The Prostate Cancer Protection Plan
James Metz, MD
University of Pennsylvania Health System
Last Modified: November 1, 2001
|Author: Robert Arnot, MD|
Publisher: Little, Brown and Company
Dr. Bob Arnot is the chief medical correspondent for the National Broadcast Corporation (NBC) and can be seen regularly on the nightly national news. He is the author of the 1998 New York Times number one bestseller, The Breast Cancer Prevention Diet. Based on this successful book, he has now addressed the most common cancer in men with The Prostate Cancer Protection Plan.
The book starts off by explaining that diet may have an impact on the development of prostate cancer in men. He quotes numerous population-based studies evaluating the risk of prostate cancer in various countries. Dr. Arnot uses a number of studies to support the idea that diet and nutrition may have an impact on the development of prostate cancer. There is mounting evidence that substances such as lycopene (tomatoes), PC-SPES (herbal combination), and soy products may have some effects on the prostate gland.
Can what we eat really effect the development of prostate cancer? Well, the jury is still out on that question. There is some interesting evidence pointing to the possibility of a dietary role in the development of prostate cancer. However, we are not at the point that we can say if you eat a lot of 'this,' or your diet is missing 'that,' you are going to get prostate cancer. Unfortunately, it will probably be a number of years of following patients prospectively on controlled diets before the final answer is known. So the big question is, "What are men to do now?" Fortunately, the diet outlined in The Prostate Cancer Protection Plan is beneficial for a number of other medical problems including heart disease, obesity, and diabetes. Almost all men will benefit from the strategies outlined in this book. If it also decreases the risk of developing prostate cancer ... great!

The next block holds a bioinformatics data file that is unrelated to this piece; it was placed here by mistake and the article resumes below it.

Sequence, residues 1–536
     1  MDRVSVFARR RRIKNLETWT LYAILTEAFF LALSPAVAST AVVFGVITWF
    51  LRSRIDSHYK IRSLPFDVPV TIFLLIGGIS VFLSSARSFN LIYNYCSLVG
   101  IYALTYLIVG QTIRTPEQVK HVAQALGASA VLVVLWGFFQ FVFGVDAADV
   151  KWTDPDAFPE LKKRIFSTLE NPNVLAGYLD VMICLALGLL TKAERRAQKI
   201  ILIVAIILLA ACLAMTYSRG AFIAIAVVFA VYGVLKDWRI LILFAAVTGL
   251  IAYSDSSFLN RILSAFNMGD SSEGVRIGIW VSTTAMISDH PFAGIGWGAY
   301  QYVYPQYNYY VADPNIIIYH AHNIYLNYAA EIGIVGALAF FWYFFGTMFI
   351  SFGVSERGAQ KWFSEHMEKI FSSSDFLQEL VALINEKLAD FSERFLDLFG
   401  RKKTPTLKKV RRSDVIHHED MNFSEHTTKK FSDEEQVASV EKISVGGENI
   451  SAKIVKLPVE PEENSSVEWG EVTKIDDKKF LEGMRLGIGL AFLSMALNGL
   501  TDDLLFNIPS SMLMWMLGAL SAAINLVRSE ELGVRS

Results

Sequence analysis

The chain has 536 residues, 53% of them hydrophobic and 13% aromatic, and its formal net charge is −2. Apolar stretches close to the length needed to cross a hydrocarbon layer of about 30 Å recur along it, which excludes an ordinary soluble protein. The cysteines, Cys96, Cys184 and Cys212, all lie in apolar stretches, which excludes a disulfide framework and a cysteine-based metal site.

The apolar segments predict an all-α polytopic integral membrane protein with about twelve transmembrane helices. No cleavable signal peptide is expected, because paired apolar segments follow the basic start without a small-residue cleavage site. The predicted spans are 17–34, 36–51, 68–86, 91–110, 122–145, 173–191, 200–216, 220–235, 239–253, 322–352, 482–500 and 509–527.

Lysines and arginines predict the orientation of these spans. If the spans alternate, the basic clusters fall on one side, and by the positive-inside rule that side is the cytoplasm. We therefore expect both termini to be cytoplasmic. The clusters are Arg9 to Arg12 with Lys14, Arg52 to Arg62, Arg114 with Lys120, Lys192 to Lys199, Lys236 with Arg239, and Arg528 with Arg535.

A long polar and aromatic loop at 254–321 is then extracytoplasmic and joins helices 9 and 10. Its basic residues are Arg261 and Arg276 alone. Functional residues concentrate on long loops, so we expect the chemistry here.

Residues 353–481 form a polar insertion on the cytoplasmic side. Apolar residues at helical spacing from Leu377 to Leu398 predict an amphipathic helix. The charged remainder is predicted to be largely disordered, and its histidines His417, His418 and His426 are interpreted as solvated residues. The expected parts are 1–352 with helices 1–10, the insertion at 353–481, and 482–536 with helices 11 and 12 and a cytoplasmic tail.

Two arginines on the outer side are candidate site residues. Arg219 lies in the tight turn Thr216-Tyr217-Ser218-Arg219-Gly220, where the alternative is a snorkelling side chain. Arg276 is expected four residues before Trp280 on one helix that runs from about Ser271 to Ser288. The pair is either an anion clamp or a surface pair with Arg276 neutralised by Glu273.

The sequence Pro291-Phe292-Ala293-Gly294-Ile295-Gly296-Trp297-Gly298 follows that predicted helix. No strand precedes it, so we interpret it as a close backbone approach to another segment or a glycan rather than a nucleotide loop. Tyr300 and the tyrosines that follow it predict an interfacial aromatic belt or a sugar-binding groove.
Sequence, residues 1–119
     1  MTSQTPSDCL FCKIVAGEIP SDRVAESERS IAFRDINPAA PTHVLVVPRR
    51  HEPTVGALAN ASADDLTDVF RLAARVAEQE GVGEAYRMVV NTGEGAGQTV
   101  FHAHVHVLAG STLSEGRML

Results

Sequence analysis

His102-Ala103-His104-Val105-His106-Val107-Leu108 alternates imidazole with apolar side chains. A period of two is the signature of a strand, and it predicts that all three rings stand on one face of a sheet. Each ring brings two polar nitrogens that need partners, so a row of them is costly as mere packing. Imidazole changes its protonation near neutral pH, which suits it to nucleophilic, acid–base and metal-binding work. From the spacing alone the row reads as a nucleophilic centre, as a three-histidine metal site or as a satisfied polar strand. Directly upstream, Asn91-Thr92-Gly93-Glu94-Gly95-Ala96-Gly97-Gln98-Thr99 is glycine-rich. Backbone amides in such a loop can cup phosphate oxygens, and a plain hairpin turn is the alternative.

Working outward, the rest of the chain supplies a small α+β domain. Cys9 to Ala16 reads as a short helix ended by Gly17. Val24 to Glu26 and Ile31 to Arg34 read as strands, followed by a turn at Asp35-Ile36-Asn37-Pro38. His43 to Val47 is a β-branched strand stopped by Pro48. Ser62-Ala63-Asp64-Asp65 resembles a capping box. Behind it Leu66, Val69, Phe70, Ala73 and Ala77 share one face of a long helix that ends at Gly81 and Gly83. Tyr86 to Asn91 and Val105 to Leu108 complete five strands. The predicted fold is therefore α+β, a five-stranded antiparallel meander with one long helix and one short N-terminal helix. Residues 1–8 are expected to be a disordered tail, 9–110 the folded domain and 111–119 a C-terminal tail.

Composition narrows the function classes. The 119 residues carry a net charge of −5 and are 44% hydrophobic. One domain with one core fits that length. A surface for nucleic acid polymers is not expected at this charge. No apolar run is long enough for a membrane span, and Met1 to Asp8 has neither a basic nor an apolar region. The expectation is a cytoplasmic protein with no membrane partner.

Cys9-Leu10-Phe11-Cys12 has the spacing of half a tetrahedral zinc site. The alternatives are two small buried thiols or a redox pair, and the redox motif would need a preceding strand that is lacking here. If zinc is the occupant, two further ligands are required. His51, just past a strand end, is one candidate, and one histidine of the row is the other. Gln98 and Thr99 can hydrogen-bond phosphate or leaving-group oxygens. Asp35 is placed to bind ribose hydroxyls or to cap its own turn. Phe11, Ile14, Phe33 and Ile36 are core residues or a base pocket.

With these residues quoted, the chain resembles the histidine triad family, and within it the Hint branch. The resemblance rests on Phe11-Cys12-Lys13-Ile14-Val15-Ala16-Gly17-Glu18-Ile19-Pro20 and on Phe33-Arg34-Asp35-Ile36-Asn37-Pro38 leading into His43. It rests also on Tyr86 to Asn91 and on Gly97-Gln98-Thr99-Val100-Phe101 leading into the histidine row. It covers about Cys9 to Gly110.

Dr. Arnot discusses some of the common herbs and supplements for 'prostate health' such as lycopene, saw palmetto, and PC-SPES. It is important to note that these supplements can effect the screening prostate specific antigen (PSA) blood test for early detection of prostate cancer. If you are using any of these supplements, inform your physician so the results of the PSA test are interpreted correctly.
The diet/lifestyle that is advocated in this book is safe and will probably be beneficial in a number of ways for those who follow its recommendations. Sensible recommendations are made based on the available literature.